4. BEYOND EQUALITY: LABOR AND THE RADICAL REPUBLICANS, 1862-1872 (NY: Knopf, 1967);    CITIZEN WORKER: THE EXPERIENCE OF WORKERS IN THE UNITED STATES WITH DEMOCRACY AND THE FREE MARKET DURING THE NINETEENTH CENTURY (NY Cambridge, 1993).  Also see “Radical Republicanism in Pennsylvania, 1866-1873,” THE PENNSYLVANIA MAGAZINE OF HISTORY AND BIOGRAPHY, 84:4 (October 1961); “The Shuttle and the Cross: Weavers and Artisans in the Ke3nsington Riots of 1844,” JOURNAL OF SOCIAL HISTORY, 5:4 (Summer 1972);  “Labor and the Republic in Industrial America, 1860-1920,” LE MOUVEMENT SOCIALE, no. 111 (April – June 1980); “Wage Labor, Bondage, and Citizenship in Nineteenth Century America,” INTERNATIONAL LABOR AND WORKING CLASS HISTORY, no 48 (fall 1995)
  5. WORKERS’ CONTROL IN AMERICA: STUDIES IN THE HISTORY OF WORK, TECHNOLOGY, AND LABOR STRUGGLES (NY: Cambridge, 1979);   THE FALL OF THE HOUSE OF LABOR: THE WORKPLACE, THE STATE, AND AMERICAN LABOR ACTIVISM, 1865-1926 (NY: Cambridge, 1987).    Also see “Strikes in Nineteenth Century America,” SOCIAL SCIENCE HISTORY, 4:1 (Winter 1980); “Immigrants, Industrial Unions, and Social Reconstruction in the United States, 1916-1923,” LABOUR/LE TRAVAIL, volume 13 (Spring 1994); “Presidential Address: Racism, Immigrants, and Political Reform,” THE JOURNAL OF AMERICAN HISTORY, 87:4 (March 2001); “Labor and Antiwar Activism in Minnesota,” Saint Paul, 2002, posted on
  6. Carter Goodrich, THE FRONTIER OF CONTROL: A STUDY OF BRITISH WORKSHOP POLITICS (Ithaca: Cornell University Press, 2009 [1920]); David Montgomery, WORKERS’ CONTROL IN AMERICA, ibid.
  7. Jeremy Brecher, GLOBAL VILLAGE OR GLOBAL PILLAGE (Boston: South End Press, 1999, second edition); David Montgomery, “Dignity and Democracy,” NEW LABOR FORUM, no. 5 (Fall-Winter 1999); Montgomery, “STATE OF THE UNION: A CENTURY OF AMERICAN LABOR by Nelson Lichtenstein,” review, INTERNATIONAL LABOR AND WORKING CLASS HISTORY, no. 63 (Spring 2003).
  8. David Montgomery, “Spontaneity and Organization: Some Comments,” in “Symposium on Jeremy Brecher’s STRIKE!”, RADICAL AMERICA, 7:6 (November-December 1973); David Montgomery, “Introduction,” to Montgomery and Horace Huntley, eds., BLACK WORKERS’ STRUGGLE FOR EQUALITY IN BIRMINGHAM (Urbana: University of Illinois Press, 2004)
  9. See my “Rebellion to Tyrants, Democracy for Workers,” SOUTH ATLANTIC QUARTERLY, 111:1 (Winter 2012); “Organizing Wall-to-Wall: The Independent Union of All Workers, 1933-1937,” inm Staughton Lynd, ed., “WE ARE ALL LEADERS”: THE ALTERNATIVE UNIONISM OF THE EARLY 1930S (Urbana: University of Illinois Press, 1996); HARD-PRESSED IN THE HEARTLAND: THE HORMEL STRIKE AND THE FUTURE OF THE LABOR MOVEMENT (Boston: South End Press, 1993);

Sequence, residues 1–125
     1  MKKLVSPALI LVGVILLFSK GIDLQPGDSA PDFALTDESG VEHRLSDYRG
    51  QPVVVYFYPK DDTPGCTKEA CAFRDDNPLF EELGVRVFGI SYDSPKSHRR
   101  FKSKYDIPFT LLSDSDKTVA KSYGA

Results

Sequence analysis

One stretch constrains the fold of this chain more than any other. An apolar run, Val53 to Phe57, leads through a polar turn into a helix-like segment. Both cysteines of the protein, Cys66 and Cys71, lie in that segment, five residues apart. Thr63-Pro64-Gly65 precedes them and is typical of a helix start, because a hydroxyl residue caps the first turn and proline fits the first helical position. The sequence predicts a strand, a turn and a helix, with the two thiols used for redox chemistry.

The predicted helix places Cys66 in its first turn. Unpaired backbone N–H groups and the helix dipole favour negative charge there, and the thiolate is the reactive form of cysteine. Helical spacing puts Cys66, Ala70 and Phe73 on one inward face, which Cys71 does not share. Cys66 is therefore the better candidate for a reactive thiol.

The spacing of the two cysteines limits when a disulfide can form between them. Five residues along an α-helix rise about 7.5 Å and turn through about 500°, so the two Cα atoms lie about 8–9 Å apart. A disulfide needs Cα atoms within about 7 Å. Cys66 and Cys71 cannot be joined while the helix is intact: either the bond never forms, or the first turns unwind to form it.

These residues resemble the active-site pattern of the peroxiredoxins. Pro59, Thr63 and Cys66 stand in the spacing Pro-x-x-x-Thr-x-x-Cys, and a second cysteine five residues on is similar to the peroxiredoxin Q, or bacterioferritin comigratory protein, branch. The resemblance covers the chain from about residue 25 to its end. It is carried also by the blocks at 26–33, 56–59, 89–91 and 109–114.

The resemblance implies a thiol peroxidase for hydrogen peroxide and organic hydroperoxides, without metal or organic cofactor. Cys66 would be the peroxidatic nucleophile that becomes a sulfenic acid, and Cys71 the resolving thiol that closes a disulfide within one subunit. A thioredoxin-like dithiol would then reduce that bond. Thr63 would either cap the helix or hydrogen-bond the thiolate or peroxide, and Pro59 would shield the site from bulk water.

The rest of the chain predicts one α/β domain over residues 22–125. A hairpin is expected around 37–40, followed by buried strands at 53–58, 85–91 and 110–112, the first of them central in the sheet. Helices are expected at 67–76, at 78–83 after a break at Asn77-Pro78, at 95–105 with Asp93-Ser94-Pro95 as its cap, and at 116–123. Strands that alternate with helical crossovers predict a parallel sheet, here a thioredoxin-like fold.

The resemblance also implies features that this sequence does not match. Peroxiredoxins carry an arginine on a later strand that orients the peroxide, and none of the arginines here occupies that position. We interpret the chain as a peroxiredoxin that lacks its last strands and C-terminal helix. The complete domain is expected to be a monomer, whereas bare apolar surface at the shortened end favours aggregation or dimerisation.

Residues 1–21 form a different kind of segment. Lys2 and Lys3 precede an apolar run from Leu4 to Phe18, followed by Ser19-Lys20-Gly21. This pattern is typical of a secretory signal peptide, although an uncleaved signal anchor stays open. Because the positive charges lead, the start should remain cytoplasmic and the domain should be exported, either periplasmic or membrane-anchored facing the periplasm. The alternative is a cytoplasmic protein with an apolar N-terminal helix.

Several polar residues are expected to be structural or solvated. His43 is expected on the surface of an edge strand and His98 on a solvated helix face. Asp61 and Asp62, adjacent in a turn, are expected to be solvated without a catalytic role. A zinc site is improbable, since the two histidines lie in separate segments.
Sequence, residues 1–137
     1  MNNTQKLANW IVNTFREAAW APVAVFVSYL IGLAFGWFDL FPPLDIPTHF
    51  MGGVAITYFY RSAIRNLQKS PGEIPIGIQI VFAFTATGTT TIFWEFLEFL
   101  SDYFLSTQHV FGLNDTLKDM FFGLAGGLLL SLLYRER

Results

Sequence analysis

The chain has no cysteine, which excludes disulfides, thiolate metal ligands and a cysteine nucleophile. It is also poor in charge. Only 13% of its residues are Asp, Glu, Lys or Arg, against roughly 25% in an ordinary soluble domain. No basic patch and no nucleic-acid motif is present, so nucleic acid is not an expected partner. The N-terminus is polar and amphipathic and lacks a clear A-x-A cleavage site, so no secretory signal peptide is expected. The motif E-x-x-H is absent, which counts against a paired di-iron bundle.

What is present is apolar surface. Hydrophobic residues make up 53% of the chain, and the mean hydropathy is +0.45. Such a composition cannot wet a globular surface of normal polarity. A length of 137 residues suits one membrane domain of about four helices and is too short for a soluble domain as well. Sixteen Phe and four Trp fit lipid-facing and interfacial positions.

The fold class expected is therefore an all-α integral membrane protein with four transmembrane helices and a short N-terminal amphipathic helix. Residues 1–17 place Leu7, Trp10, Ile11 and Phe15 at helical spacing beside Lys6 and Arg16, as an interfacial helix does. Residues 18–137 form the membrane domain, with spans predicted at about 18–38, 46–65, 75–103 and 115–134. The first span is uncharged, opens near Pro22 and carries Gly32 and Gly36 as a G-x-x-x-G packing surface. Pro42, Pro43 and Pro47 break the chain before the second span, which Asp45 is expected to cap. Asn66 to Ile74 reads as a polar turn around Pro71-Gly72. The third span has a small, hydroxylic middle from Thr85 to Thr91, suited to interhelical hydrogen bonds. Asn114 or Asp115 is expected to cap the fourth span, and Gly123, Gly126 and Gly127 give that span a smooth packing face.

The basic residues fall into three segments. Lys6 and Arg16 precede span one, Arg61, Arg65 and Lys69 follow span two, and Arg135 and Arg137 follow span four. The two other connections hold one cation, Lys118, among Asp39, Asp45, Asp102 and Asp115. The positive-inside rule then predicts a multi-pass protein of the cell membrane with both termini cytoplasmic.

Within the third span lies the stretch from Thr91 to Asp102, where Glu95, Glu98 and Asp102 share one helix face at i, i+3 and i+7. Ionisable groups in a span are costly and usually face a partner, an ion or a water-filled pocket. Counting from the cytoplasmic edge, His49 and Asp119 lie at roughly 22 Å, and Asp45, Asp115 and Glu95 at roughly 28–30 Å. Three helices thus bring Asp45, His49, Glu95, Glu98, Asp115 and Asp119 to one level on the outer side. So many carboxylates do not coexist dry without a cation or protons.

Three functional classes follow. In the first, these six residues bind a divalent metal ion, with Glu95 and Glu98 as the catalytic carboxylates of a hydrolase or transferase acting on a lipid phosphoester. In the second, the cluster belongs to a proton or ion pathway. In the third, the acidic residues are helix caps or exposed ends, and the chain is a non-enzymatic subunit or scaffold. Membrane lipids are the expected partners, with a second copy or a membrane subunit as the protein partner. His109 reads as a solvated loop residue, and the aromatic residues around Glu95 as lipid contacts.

10. Bruce Laurie, THE WORKING PEOPLE OF PHILADELPHIA, 1800 – 1850 (Philadelphia: Temple University Press, 1983); Shelton Stromquist, A GENERATION OF BOOMERS: THE PATTERN OF RAILROAD LABOR CONFLICT IN NINETEENTH CENTURY AMERICA (Urbana: University of Illinois Press, 1993); James J. Barrett, WORK AND COMMUNITY IN THE JUNGLE: CHICAGO’S PACKINGHOUSE WORKERS, 1894-1922 (Urbana: University of Illinois Press, 2002); Eric Arnesen, WATERFRONT WORKERS OF NEW ORLEANS: RACE, CLASS, AND POLITICS, 1863-1923 (Urbana: University of Illinois Press, 1994); Peter Gottlieb, MAKING THEIR OWN WAY: SOUTHERN BLACKS’ MIGRATION TO PITTSBURGH, 1916-1930 (Urbana: University of Illinois Press, 1996); Kimberly Phillips, ALABAMANORTH: AFRICAN-AMERICAN MIGRANTS, COMMUNITY, AND WORKING-CLASS ACTIVISM IN CLEVELAND, 1915-1945 (Urbana: University of Illinois Press, 1999); Reeve Huston, LAND AND FREEDOM: RURAL SOCIETY, POPULAR PROTEST, AND PARTY POLITICS IN ANTEBELLUM NEW WORK (NY: Oxford University Press, 2002); Julie Greene, PURE AND SIMPLE POLITICS: THE AFL AND POLITICAL ACTIVISM, 1881-1917 (NY: Cambridge University Press, 2006); Grace Palladino, ANOTHER CIVIL WAR: LABOR, CAPITAL, AND THE STATE IN THE ANTHRACITE REGION OF PENNSYLVANIA, 1840-1868 (Urbana: University of Illinois Press, 1990); Cecelia Bucki, BRIDGEPORT’S SOCIALIST NEW DEAL, 1915-1936 (Urbana: University of Illinois Press, 2006); Iver Bernstein, THE NEW YORK CITY DRAFT RIOTS: THEIR SIGNIFICANCE FOR AMERICAN SOCIETY AND POLITICS IN THE AGE OF THE CIVIL WAR (NY: Oxford University Press, 1990); Peter Rachleff, BLACK LABOR IN RICHMOND, 1865-1890 (Urbana: University of Illinois Press, 1989 [1984]); Tera Hunter, TO ‘JOY MY FREEDOM: SOUTHERN BLACK WOMEN’S LIVES AND LABOR AFTER THE CIVIL WAR (Cambridge: Harvard University Press, 1998); Dan Letwin, THE CHALLENGE OF INTERRACIAL UNIONISM: ALABAMA COAL MINERS, 1878-1921 (Chapel Hill: University of North Carolina Press, 1998); Priscilla Murolo, THE COMMON GROUND OF WOMANHOOD: CLASS, GENDER, AND WORKING GIRLS’ CLUBS, 1884-1928 (Urbana: University of Illinois Press, 1997); Gunther Peck, REINVENTING FREE LABOR: PADRONES AND IMMIGRANT WORKERS IN THE NORTH AMERICAN WEST, 1880-1930 (NY: Cambridge University Press, 2000); Ileen DeVault, SONS AND DAUGHTERS OF LABOR: CLASS AND CLERICAL WORK IN TURN-OF-THE-CENTURY PITTSBURGH (Ithaca: Cornell University Press, 1995); Dana Frank, PURCHASING POWER: CONSUMER ORGANIZING, GENDER, AND THE SEATTLE LABOR MOVEMENT, 1919-1929 (NY: Cambridge University Press, 1994);  Dorothy Fujita-Rony, AMERICAN WORKERS, COLONIAL POWER: PHILIPPINE SEATTLE AND THE TRANSPACIFIC WEST, 1919-1941 (Berkeley: University of California Press, 2002).